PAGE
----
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News 281 views update:Nov 26, 2007

UK: thousands more slaughtered in sixth farm bird flu culling

Yet another cull is underway at a sixth poultry farm in Suffolk as nearly 70,000 birds are culled in an effort to control the outbreak of bird flu in the country.

According to Defra officials, the latest cull - more than double the number of birds slaughtered than the other five culls combined - is a precautionary measure and falls within the existing surveillance zone. The move comes along with fears that workers at the farm have travelled to other farms that are deemed a bird flu risk. This farm supplied poultry to the farm at the centre of the outbreak.
This cull will see the slaughter of approx. 68,000 birds including 56,000 ducks, 9,000 turkeys and 3,000 geese. A 3km protection zone and 10km surveillance zone were immediately set up, and remain in place.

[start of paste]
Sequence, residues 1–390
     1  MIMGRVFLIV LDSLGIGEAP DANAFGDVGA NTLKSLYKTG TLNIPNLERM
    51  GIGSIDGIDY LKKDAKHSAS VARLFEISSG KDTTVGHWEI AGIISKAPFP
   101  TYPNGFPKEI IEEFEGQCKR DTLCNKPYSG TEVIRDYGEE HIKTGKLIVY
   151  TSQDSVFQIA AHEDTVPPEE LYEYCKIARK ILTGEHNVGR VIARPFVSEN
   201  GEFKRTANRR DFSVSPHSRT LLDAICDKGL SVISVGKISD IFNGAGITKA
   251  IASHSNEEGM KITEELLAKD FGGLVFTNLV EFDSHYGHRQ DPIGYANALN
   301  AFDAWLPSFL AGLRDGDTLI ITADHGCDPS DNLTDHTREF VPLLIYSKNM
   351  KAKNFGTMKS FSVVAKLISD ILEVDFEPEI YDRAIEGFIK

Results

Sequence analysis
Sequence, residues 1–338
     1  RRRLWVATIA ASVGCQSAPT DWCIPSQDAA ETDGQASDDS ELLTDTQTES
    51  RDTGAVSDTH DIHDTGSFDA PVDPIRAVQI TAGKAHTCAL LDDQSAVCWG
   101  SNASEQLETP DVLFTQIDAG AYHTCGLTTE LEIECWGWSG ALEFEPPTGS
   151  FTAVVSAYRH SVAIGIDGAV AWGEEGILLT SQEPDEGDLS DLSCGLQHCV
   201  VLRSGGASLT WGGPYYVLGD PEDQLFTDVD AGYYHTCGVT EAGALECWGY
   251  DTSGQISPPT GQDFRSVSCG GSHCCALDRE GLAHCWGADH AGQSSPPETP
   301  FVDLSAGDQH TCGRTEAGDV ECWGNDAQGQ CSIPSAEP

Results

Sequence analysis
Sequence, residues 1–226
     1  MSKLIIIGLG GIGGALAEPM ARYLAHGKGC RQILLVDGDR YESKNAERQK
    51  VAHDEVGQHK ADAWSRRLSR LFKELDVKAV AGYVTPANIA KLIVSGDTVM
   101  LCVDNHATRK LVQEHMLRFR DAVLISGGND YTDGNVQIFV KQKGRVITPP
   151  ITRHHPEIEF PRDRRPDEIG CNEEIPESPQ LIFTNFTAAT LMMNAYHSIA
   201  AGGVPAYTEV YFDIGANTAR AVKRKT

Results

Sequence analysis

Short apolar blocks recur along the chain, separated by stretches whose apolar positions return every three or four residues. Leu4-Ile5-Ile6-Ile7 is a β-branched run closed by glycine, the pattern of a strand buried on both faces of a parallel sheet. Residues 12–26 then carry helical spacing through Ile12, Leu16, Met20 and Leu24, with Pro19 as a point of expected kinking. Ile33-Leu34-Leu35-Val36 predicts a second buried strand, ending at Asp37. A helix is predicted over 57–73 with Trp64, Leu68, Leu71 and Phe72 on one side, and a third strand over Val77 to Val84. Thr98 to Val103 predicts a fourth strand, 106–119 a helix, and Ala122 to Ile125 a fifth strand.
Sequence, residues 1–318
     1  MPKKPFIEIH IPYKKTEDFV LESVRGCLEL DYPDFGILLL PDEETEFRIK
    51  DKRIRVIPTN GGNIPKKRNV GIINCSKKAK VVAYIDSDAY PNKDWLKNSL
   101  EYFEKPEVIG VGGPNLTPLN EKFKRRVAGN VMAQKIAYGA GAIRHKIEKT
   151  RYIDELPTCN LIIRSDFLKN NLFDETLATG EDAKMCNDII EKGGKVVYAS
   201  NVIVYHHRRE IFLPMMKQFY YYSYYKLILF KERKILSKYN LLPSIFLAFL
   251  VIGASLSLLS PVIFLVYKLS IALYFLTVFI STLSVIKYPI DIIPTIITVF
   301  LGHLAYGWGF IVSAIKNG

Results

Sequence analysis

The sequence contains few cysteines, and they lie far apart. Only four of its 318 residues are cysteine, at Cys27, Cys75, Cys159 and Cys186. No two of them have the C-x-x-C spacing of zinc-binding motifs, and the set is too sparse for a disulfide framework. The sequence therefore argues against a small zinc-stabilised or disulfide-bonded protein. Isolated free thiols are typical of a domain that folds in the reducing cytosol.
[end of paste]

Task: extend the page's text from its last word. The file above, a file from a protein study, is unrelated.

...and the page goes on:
A spokeswoman at Defra has stated that the farm is owned by the same company that operates Redgrave Park Farm near Diss, on the Norfolk-Suffolk border, where the virus was first detected earlier this month.
Previous culls - test results
On 14 November it was confirmed that highly pathogenic H5N1 strain of avian influenza had infected turkeys on the Redgrave Park Farm in Suffolk, England.
On 20 November, tests showed birds at Hill Meadow Farm in Knettishall on the Norfolk/Suffolk border had been infected with H5N1, a second premises.
On 21 November it was reported that turkeys culled at two other farms (Stone House, in West Harling, and Bridge Farm, in Pulham, both in Norfolk) over fears they had been exposed to the disease tested negative.
Another of the farms, Grove Farm, Botesdale, Suffolk was upgraded to a slaughter site on suspicion of having the disease last week, after dozens of birds were found dead by officials. However, initial tests on 5,500 turkeys slaughtered found the premises were free of disease.
 
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